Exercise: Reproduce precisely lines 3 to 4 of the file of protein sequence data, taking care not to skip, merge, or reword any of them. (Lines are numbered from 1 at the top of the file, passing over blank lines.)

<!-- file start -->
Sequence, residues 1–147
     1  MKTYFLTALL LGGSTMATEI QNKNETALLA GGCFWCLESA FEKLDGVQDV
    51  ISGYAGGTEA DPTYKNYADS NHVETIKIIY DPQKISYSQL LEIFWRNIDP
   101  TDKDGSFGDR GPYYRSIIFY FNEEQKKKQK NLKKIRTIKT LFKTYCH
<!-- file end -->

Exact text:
    51  ISGYAGGTEA DPTYKNYADS NHVETIKIIY DPQKISYSQL LEIFWRNIDP
   101  TDKDGSFGDR GPYYRSIIFY FNEEQKKKQK NLKKIRTIKT LFKTYCH